The half-mile of sage brush goes by pretty quickly.
The trail has lots of turns, so it's not boring.
The uphill limb of the loop is close enough to US-40 that
you'll hear the traffic as you ride. As you climb 350 vertical feet,
so does the traffic on the highway. So the big-rig engines will be making
a bit of noise.
Climbing a shallow valley between US-40 and the hill.
Later, we'll cross over and climb the slope that's to my left ahead.
After climbing into a small valley that parallels US-40
southbound, there are sets of climbing turns on the eastern slope of that
valley. These are swooping banked turns that are designed to be
attacked with speed. There's fairly flat trail before and after each turn,
so you recover nicely from the burst of effort required to climb through
Zooming up and around a climbing turn.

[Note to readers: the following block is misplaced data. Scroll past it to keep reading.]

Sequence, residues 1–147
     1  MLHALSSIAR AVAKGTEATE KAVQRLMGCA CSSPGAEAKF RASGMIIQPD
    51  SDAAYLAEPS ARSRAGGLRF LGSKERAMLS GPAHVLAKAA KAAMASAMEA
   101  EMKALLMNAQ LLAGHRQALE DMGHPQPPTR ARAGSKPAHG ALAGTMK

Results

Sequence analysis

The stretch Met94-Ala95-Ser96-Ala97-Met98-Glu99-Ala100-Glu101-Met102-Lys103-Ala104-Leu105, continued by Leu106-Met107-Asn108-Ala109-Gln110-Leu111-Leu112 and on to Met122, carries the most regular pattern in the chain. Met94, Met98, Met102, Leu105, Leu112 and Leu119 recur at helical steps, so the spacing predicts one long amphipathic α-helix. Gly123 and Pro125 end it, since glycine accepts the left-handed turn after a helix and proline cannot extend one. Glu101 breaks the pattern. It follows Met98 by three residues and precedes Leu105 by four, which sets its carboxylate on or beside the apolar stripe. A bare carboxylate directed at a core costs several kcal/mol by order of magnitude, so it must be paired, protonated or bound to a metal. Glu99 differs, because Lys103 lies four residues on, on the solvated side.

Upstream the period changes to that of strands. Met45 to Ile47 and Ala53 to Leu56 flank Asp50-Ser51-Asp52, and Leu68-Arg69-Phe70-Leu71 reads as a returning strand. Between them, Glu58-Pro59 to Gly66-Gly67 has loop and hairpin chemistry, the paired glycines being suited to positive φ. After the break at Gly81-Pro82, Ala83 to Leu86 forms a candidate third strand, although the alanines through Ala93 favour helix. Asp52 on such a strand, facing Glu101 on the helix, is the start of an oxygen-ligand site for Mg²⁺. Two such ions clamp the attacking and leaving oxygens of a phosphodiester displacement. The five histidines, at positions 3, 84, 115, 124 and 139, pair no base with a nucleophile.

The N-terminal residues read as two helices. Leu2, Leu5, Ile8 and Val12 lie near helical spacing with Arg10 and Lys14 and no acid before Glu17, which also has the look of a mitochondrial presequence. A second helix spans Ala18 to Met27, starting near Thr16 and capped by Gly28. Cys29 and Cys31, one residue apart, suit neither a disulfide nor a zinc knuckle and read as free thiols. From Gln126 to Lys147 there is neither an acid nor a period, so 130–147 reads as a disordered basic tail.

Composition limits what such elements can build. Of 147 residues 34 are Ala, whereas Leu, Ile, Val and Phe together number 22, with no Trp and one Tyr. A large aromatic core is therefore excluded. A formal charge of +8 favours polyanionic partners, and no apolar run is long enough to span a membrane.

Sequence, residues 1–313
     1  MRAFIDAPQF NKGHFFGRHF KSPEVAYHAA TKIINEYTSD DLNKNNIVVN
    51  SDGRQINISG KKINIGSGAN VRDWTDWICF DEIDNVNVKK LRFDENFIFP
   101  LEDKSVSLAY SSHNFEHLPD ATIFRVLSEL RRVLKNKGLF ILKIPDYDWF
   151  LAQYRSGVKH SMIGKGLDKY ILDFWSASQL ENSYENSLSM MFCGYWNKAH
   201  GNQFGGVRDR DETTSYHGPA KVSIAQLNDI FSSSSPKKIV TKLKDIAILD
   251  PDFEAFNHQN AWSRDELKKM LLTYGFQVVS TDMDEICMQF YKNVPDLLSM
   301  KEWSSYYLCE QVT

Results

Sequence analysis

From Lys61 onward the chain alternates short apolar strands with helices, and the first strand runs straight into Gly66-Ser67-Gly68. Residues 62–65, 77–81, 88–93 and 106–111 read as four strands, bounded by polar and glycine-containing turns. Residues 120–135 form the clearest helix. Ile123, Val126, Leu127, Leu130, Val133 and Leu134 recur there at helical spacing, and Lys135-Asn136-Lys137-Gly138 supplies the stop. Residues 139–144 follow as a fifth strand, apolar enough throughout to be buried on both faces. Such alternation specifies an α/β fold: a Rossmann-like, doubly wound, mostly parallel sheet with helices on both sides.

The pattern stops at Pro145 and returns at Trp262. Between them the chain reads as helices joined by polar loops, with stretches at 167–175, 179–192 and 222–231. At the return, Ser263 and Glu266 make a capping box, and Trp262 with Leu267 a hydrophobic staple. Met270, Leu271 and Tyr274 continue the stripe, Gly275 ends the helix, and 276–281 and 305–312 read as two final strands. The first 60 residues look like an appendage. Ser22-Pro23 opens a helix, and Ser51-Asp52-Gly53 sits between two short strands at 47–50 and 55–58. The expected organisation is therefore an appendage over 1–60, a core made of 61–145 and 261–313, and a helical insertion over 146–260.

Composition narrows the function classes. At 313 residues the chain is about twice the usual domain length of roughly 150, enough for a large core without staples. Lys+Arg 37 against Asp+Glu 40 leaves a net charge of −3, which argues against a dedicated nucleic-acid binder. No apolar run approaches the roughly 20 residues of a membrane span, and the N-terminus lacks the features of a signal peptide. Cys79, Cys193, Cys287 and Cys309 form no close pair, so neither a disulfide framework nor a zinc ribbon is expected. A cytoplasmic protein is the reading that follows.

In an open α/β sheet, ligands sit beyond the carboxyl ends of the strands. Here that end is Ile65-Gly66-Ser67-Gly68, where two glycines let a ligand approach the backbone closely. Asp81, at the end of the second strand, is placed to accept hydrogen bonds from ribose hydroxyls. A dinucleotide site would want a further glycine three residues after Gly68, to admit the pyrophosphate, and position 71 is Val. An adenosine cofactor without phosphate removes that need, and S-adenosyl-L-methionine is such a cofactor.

While most of the trail lies in gambel oak terrain, there
are a few aspen and maple in cooler areas. For the loop, 1/2 mile on each
end is nothing but sagebrush, 1/2 mile is aspen and maple, and the other 2
miles is tall scrub oak groves with bits of sagebrush between them.
Approaching a bit of fall color!
Two scenic trail views during the climb. While
the trailside contains mostly oak brush, there are spots of cedar, maple, and aspen.
But! This is not a ride for the scenery -- it's a flow trail that you love
for the actual riding.
The climbing isn't constant. Around mile 1.2, you'll turn
north and begin to descend. But this is not the summit. After 1/10th mile
the trail resumes climbing again and turns back southbound.
At mile 1.5 of the loop, the trail crosses a ridgeline. It makes a
quick 180 turn to the north to begin the two-mile downhill on the
east-facing slope of the hill.
Almost to the top. After a "fake" summit
and a bit of descending, you'll turn back to the south and climb across
the real top of the hill. The trail will then be northbound for good.
The pitch of the descent is gradual. There may be some spots
where you'll pedal to increase your speed. The trail winds back and forth
through wide banked turns. Most of the banked turns are simple